The City Council unanimously voted in favor of adopting a proposed ordinance change that allows dogs to run free on Good Harbor Beach on even-numbered days. – The Gloucester Daily Times (Nov. 11, 2014)
It is high noon on Good Harbor Beach. The water shimmers in the mid-April sun, and Gloucester’s dogs are relishing their newfound freedom. Stubby schnauzers race alongside loping hounds. A curious Shih Tzu leisurely inspects the hindquarters of an unflappable St. Bernard. Mutts of every conceivable parentage leap and splash and dart, spurning the leashes that dangle pointlessly from the pockets of windbreakers. Everywhere their barks are clear and sharp—almost martial—as if saluting the city council for liberating the four-legged from their six-foot nylon shackles.
Yet somehow the joyful mood has bypassed one pair of dogs, who sulk and slouch against the dunes, passing a paw-rolled American Spirit cigarette between them. Both are AKC purebreds, but neither likes to talk about it. Listlessly, they watch two lab puppies tumble after a tennis ball.
“Christ, what a scene,” says Walter, a white Bichon with a bearded muzzle groomed to a state of artful dishevelment. In lieu of a collar, he sports an organic cotton keffiyeh.
“A travesty really,” says Simone, a standard poodle whose fluffy black pompons are purely ironic. “Good Harbor is officially over.”
“Gawd, is that Coco over there?” Walter indicates a perky spaniel flouncing past some pups of dubious ancestry.
“Ugh. What a literal bitch.”
For years Walter and Simone have frequented Good Harbor in the off-season. And they had been among the select few who flouted Gloucester’s leash ordinance, scoffing at their tethered peers, running circles around the skittish and pooch-averse. Now, on an even-numbered spring afternoon, they are just another pair of law-abiding family pets, as square as hamsters in a cage.
“If I wanted to frolic with the canine bourgeoisie,” says Walter, “I’d drag my owner to the Stage Fort Dog Park.”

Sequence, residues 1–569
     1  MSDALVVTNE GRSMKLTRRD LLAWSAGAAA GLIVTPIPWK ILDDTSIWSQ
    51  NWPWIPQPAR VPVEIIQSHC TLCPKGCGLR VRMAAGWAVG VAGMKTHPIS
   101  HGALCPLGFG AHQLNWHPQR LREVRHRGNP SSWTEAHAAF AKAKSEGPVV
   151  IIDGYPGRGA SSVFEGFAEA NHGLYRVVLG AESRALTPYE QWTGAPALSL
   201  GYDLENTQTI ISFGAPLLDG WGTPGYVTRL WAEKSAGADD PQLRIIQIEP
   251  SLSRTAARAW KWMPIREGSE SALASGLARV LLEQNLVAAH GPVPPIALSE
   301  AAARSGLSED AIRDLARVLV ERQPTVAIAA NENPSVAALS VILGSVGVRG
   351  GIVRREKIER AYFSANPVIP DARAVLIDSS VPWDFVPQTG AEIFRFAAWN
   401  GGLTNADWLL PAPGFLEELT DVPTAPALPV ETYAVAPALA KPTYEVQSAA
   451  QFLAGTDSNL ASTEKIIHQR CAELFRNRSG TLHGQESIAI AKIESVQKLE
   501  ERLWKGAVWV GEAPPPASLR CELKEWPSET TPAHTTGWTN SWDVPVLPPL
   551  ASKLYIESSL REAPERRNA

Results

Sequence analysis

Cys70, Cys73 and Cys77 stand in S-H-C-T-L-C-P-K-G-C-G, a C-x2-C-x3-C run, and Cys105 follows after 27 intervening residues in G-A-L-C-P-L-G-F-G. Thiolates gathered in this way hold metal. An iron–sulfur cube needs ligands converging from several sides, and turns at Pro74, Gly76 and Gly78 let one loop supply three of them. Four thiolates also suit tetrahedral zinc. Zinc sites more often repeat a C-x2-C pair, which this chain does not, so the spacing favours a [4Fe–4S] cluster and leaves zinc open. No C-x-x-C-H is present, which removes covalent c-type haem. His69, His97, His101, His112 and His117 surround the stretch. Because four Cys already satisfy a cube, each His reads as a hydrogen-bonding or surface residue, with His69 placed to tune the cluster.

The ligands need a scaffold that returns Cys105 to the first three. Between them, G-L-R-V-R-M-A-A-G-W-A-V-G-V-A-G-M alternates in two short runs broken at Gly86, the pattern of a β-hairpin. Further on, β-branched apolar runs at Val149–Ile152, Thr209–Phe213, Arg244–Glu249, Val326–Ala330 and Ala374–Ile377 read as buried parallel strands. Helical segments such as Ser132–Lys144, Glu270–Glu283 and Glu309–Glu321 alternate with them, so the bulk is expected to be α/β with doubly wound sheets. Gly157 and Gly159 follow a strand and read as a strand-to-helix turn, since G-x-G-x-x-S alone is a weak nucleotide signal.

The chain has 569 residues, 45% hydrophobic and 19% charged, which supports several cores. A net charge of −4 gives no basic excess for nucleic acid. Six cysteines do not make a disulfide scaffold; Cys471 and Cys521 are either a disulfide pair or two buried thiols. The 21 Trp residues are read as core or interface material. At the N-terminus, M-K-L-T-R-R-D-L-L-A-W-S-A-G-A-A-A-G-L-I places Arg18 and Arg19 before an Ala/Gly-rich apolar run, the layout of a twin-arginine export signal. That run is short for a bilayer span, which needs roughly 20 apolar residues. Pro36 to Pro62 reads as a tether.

Both shiver at the idea.
Once destined for the show ring, Walter got the boot from private training school at age 2. For a few weeks, he was technically a stray, a biographical footnote he always manages to drop into conversation. Simone too boasts a champion’s pedigree, and her mother’s Best in Class at Westminster furnished a sizeable trust fund. But this detail is strictly on the down low.
“It’s like that artisanal kibble stand over on Commercial Street,” says Walter, lighting another cigarette. “One favorable review in The Times, and suddenly the place looks like a puppy mill.”
Just then two human beachgoers—a middle-aged couple in pastels—park their blanket not more than ten yards away. They kick off their dock shoes and proceed to unpack a large wicker picnic hamper.
Simone surveys the contents: fruit salad, a rotisserie chicken, and what appears to be real china and cutlery. “Classy affair,” she says.
Walter avails himself of an extra long drag. “A year ago, I’d be making a beeline for the water,” he says. “Returning with a coat full of sand and saltwater. And shaking off all over that mofo.”
“Not so much.”
Simone permits herself a little snort. “I get it,” she says, snatching the cigarette. “If you’re going to drop a steaming turd on somebody’s quiche, you want it to mean something.”
“Exactly,” Walter says, practically growling. “Fucking with picnickers, nipping at little kids’ fingers—these used to be acts of courage, of resistance against the whole power structure. Now they’re just ‘accidents’ our owners can smooth over with half-assed apologies.” He gestures at a nearby pack and thumps his tail on the sand for emphasis. “These mutts risk nothing more than a waggled index finger.”
“What about animal control? They’re supposed to fine owners who can’t manage unleashed dogs.”
Walter shoots a look at Simone, who is trying to maintain a straight snout. But the notion is just too funny.
By now the picnickers have distributed fruit, slathered the chicken in mint yogurt, and commenced eating. Simone’s black nose twitches, and Walter whines a bit, attracting the attention of the woman.
“Oh, look at that darling little Bichon,” she says, tapping her husband’s shoulder. “He looks hungry.” She holds out a chicken wing and makes kissy noises at the pair.
Walter’s body is taut and quivering.
“Easy, boy,” Simone says. Then, at the couple she yips: “We’re vegan, you assholes.”
The woman recoils. “Goodness,” she says, glancing at her husband and dropping the wing. “Not as friendly as they look.”
Walter hears a familiar whistle from the direction of the wooden footbridge. “Guess that’s my cue,” he says, extinguishing a final cigarette and slowly getting to his paws.
Simone waves goodbye and watches as Walter trots past a host of doggie temptations: an unguarded bag of chips, an overfriendly toddler, and—as always—Coco’s shapely rump. Somehow, he manages to leave all this to the mainstream dogs. Somehow, he makes even obedience look cool.